States that are strict in enforcing child support have up to 20 percent fewer unmarried births than states that are lax about getting unmarried dads to pay, the researchers found.
"The better the enforcement of child support, the more the cost of childbearing shifts from unmarried women to their partners," said lead author Robert Plotnick, a professor at the University of Washington's Evans School of Public Affairs. "This may make men more reluctant to become unwed fathers."
To document the link, Plotnick and three other social scientists teamed up to compare the toughness of each state's child support enforcement to the chances that women living in that state had out-of-wedlock births. Using a national sample of 5,195 women of childbearing age, they found a significant correlation between tougher enforcement and less chance of having unmarried births.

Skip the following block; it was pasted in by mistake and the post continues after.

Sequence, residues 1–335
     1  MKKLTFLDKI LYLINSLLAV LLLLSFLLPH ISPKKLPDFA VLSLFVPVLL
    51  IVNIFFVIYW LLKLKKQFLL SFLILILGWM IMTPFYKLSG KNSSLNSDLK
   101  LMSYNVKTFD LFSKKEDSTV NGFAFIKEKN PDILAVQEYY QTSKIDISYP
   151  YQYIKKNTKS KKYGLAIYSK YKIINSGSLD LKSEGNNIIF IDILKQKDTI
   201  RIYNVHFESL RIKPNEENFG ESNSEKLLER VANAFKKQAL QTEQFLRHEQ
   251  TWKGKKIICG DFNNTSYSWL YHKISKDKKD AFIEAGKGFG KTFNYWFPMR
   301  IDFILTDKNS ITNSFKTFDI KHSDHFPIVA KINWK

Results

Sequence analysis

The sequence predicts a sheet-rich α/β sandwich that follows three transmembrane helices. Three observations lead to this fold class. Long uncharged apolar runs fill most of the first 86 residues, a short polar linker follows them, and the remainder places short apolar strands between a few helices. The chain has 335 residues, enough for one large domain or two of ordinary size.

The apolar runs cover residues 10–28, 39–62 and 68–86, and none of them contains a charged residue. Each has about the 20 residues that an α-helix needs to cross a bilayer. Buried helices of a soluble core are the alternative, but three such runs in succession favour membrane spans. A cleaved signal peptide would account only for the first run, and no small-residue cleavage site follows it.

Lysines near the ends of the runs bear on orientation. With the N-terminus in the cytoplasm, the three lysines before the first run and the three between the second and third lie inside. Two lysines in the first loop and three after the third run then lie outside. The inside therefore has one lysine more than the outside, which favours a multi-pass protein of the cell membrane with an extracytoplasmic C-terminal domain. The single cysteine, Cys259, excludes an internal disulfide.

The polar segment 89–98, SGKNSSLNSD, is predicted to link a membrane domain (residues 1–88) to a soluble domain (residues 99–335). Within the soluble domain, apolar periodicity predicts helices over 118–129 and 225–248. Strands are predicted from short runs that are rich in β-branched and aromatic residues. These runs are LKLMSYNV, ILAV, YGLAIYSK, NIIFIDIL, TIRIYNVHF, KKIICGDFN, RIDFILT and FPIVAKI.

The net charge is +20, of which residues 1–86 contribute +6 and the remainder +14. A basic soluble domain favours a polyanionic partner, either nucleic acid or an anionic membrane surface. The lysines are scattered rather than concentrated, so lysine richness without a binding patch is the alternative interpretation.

Since children of single parents run a higher risk of poverty and other social ills, policymakers have sought to stem the tide of unmarried births, only to see the rate rise from well under 10 percent of births in the 1960s to roughly a third of all U.S. births today.
Study co-author Irwin Garfinkel of Columbia University said most programs to discourage single parenthood -- such as restrictions on welfare benefits -- focus on the mothers.
"Decisions about sexual intercourse and marriage involve two people," Garfinkel said. "But research and policy debates have largely failed to recognize men's role in childbearing and how government policies may influence their behavior."
Plotnick, Garfinkel, and co-authors Sara McLanahan of Princeton University and Inhoe Ku of Seoul National University in South Korea theorized that forcing unmarried fathers to support their children financially might deter them from letting a pregnancy
Contact: Steven Goldsmith
University of Washington